Writing

WBC14: My Thoughts on the Wine Bloggers Conference

It’s been a little over a week since I returned home from the Wine Bloggers Conference in Buellton (WBC14), and I’ve had enough time to form some opinions on the experience. Overwhelmingly, those opinions are good, and they come from the perspective of a first-time attendee who didn’t entirely know what to expect from the event.

Did not expect ultrasound oxidation!

Did not expect ultrasound oxidation!

Did expect plenty of this.

Did expect plenty of this.

I wouldn’t qualify my experience as negative in any way. My thinky thoughts are more about defining what sort of wine writer I am and considering whether that fits into the WBC’s intended audience or not.

1. Value

The conference was run by Zephyr Adventures, which as their website rightfully claims, “specialize[s] in providing our travelers with big experiences from a small company at a fair price.” That company description exactly sums up my overall opinion of the conference. If nothing else, WBC14 offered two and a half days’ worth of unending wine tastings, two meals a day–

Fare at the Wine Blogger Awards dinner.

Fare at the Wine Blogger Awards dinner.

–the chance to get to know other wine writers and a bevy of industry professionals, and an afternoon spent at the Sanford Winery nestled in the Sta. Rita Hills AVA all for $100 for citizen bloggers like myself.

Next, add in the amazing value of the multiple excursions the conference put together. I attended the Bridlewood excursion for only $15, and we enjoyed a large picnic lunch at the winery’s immensely scenic grounds—

WBC_14_160

–tastings of their wines with the meal, and a panel of local food producers that resulted in yes, more food and wine.

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My Wine Writing Philosophy

This Thursday marks the beginning of the 2014 Wine Bloggers Conference, the first professional wine writing conference I’ll have attended.

This is professional wine blogger behavior, right?

It’s located in Buellton, which cracks me up because I spent my formative years just thirty minutes away in Santa Maria and honestly had no idea it was a wine region until I moved to the East Coast after college.

Unrelated to the conference, I’ve been asked what got me started wine blogging and why I write about wine a number of times lately, so I thought, what better time to jot down a treatise on that subject than right before I devote myself to it for four days straight?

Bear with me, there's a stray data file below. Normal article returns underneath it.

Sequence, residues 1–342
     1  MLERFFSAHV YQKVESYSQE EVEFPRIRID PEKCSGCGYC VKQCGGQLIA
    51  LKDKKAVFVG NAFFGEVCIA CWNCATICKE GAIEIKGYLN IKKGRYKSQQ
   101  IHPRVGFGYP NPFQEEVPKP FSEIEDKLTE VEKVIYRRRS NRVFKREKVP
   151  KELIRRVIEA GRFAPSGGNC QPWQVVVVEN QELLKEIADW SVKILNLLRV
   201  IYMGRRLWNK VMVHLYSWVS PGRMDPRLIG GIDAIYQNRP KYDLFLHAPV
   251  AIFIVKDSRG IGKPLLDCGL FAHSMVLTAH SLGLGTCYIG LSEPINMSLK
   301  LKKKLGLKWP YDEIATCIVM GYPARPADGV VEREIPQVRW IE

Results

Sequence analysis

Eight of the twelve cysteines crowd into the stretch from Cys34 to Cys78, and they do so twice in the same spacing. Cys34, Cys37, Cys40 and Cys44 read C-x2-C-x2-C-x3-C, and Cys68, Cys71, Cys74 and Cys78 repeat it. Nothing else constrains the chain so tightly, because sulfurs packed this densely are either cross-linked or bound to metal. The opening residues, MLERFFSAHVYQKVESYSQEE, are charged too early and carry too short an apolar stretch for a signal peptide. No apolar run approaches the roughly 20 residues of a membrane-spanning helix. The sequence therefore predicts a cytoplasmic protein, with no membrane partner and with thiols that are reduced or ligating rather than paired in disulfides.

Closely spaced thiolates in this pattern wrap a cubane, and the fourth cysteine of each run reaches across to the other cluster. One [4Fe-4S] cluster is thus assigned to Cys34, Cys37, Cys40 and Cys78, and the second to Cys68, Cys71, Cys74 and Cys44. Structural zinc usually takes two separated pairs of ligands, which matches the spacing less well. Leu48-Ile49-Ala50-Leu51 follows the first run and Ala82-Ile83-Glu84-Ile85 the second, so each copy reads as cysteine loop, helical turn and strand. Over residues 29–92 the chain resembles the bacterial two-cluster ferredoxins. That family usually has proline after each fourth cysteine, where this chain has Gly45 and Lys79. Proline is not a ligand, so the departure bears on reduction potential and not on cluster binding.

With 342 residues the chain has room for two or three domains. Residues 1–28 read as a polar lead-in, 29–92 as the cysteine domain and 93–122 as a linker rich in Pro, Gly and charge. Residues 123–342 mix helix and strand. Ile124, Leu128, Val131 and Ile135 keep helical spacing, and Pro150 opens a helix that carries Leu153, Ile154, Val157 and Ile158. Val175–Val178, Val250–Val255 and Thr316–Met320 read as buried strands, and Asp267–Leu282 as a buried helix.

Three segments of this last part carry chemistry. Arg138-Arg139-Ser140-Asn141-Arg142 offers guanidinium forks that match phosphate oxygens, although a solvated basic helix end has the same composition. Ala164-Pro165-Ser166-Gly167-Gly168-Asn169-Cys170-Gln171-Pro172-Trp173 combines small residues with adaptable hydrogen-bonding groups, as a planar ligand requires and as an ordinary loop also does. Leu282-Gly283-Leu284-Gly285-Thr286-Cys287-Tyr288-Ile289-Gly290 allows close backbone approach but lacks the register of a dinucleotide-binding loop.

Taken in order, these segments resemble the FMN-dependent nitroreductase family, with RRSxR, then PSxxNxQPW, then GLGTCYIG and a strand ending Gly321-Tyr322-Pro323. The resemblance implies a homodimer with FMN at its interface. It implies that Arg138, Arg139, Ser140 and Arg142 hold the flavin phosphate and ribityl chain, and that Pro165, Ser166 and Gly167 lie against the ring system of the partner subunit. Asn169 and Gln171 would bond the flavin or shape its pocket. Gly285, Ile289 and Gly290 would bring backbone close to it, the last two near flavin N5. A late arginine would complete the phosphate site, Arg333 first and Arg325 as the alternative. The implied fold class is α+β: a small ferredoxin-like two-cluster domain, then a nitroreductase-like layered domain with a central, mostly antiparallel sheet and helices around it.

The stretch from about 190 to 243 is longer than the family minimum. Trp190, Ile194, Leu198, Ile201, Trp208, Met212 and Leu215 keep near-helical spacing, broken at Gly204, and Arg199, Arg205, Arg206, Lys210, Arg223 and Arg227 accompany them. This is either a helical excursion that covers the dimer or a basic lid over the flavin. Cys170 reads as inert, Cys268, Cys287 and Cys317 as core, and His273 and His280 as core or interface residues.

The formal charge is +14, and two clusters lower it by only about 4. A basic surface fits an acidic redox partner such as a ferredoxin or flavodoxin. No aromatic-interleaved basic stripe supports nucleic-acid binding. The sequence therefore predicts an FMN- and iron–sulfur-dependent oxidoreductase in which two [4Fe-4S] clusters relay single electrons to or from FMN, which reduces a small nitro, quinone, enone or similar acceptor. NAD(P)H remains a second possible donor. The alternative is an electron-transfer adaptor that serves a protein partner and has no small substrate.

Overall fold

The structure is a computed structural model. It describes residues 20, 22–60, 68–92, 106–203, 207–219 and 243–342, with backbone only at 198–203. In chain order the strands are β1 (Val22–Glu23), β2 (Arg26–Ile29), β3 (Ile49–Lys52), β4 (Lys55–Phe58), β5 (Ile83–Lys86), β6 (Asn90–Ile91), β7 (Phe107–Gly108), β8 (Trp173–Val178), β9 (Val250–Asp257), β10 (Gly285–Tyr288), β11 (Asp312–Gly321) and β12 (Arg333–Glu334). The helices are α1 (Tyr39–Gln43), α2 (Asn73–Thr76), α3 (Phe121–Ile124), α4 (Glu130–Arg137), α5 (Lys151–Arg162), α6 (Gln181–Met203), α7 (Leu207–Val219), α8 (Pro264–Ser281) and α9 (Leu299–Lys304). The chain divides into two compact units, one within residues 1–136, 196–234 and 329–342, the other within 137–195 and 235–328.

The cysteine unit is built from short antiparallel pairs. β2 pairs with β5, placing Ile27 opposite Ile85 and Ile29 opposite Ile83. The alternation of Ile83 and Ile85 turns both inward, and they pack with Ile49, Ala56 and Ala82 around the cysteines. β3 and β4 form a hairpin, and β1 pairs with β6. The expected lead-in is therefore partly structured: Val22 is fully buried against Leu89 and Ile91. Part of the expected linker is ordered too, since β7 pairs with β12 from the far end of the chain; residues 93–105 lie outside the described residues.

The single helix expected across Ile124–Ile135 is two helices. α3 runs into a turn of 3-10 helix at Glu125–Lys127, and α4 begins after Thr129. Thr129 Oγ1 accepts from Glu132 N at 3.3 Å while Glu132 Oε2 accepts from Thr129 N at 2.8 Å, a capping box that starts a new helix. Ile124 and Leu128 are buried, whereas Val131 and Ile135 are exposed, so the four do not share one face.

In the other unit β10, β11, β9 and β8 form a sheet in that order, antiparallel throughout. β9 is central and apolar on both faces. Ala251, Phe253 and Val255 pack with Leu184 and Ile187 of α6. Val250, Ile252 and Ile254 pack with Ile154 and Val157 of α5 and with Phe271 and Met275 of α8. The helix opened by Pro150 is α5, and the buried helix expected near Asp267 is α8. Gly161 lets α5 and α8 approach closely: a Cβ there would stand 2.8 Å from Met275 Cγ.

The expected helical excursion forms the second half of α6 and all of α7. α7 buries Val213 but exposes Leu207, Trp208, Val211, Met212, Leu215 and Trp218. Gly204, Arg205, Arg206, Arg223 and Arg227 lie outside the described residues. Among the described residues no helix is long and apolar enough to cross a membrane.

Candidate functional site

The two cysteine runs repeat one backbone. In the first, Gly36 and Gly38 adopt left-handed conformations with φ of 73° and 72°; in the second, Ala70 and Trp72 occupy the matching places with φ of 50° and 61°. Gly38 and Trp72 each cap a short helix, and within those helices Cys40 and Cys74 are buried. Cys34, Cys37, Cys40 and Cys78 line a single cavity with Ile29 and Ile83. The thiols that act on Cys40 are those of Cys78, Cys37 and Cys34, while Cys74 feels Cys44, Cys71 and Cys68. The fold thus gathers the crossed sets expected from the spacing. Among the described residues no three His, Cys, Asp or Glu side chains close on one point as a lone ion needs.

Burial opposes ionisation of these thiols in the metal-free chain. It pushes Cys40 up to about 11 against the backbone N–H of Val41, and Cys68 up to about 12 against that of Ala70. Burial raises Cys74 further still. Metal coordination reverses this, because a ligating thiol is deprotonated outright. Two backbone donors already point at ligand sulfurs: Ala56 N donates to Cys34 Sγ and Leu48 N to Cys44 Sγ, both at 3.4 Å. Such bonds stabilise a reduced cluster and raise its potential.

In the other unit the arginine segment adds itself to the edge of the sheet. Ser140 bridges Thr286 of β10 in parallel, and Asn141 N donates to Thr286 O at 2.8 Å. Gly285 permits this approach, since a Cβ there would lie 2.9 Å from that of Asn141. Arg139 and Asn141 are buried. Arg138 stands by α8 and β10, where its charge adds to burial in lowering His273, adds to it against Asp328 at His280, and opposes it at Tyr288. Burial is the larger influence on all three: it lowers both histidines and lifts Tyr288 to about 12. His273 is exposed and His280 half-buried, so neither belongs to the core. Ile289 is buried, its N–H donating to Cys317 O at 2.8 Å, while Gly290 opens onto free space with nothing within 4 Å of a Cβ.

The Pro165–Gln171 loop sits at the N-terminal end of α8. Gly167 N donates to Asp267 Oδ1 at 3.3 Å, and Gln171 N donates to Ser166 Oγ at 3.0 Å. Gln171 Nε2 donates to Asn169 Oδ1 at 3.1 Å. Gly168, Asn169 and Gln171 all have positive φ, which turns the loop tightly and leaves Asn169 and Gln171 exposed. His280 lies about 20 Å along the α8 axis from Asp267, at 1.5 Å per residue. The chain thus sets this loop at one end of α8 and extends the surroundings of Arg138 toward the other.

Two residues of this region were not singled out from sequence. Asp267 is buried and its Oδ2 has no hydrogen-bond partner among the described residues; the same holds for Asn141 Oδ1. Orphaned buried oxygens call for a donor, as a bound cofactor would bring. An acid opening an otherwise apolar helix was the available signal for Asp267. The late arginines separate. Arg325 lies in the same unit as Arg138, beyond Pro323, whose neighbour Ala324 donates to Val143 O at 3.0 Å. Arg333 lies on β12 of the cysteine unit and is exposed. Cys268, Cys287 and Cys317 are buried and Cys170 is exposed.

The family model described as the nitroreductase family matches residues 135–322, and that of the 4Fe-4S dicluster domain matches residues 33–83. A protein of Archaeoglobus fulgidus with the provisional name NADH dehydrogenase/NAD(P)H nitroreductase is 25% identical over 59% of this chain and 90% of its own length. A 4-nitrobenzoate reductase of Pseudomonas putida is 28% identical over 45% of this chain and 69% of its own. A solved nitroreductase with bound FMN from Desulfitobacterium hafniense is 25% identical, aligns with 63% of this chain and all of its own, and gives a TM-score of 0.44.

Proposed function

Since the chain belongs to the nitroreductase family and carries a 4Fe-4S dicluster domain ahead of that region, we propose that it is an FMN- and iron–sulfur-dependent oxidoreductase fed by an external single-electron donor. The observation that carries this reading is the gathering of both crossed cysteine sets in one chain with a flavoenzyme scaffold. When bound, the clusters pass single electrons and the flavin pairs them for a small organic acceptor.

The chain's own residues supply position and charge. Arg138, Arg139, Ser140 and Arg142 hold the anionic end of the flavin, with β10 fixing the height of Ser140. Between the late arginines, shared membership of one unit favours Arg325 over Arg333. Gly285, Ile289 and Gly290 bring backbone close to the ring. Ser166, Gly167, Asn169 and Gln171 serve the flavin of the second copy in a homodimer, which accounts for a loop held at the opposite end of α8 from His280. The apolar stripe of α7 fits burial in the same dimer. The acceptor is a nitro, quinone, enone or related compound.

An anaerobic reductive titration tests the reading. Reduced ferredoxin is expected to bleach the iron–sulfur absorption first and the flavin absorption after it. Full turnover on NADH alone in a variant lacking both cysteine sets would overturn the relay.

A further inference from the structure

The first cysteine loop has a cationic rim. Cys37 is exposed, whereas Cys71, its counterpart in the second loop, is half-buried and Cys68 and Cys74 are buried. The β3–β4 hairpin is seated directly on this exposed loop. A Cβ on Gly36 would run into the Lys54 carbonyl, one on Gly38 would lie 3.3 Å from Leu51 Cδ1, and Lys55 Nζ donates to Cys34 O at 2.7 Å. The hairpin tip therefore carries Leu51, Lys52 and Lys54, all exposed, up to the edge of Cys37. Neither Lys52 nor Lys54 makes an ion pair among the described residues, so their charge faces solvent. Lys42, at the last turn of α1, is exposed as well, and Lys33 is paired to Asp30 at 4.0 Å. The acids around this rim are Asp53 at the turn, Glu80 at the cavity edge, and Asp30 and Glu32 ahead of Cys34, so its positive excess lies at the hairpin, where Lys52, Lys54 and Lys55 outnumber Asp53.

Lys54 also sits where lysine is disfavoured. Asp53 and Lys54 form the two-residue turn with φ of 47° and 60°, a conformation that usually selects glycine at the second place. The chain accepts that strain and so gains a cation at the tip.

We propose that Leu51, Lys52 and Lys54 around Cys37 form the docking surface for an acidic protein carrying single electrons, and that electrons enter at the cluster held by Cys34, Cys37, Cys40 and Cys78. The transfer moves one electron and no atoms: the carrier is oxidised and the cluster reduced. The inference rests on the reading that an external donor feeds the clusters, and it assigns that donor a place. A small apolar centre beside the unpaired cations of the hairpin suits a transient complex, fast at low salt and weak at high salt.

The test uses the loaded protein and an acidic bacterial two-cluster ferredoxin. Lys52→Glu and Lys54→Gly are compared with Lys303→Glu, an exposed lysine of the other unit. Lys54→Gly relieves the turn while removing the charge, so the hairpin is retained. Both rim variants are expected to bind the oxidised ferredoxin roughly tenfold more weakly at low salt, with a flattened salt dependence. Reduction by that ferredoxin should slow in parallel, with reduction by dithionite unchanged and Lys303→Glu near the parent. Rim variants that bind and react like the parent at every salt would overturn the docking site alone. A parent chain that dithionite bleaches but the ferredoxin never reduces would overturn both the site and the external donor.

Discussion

First and foremost, I am not a journalist. I am not interested in the story behind the wine, how it came to be, or why the winemakers uprooted their Silicon Valley lives to devote themselves to burying cow horns, as the case may be.

Rob talking about the various crops behind him that included blackberries and raspberries.

From my fantasy writer’s perspective, however, biodynamic farming is super intriguing. This is Rob Bowers of Whitted Bowers Farm, the only certified biodynamic one on the East Coast.

In the six years I’ve been blogging and savoring wine, I’ve learned how that background ifnormation may enhance my wine appreciation, making it more well-rounded and giving me a shared vocabulary with other wine lovers. By all means, if you enjoy writing and/or reading articles about where wine comes from and the people who make it, carry on. I’m in the minority for not being all that interested in what’s going on in the soil or at the vineyard’s family dinner table.

But my primary interest remains the same. What does this glass of fermented grapes smell like, taste like, and would I drink it again?

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Blog Hopping: Reminder to Read Up!

Just a quick reminder that you can now check out the responses of the three writers I tagged in my post last week on my writing processes. The three lovely authors who agreed to be next in my chain are as follows:

  • Krysten Lindsay Hager, a new YA romance author with Astraea Press. Read her responses here.
  • Margaret S. McGraw, a fantasy and science fiction writer with a great YA fantasy novel nearing the end of edits. Margaret’s post is going up late tonight, so check here later on or tomorrow for it.
  • And Katrina Rasbold, a writer of fantasy, romance, and many nonfiction books on spirituality. You can read her answers here.

Thanks, ladies, for participating, and I’m diving in to read what you’ve said now!

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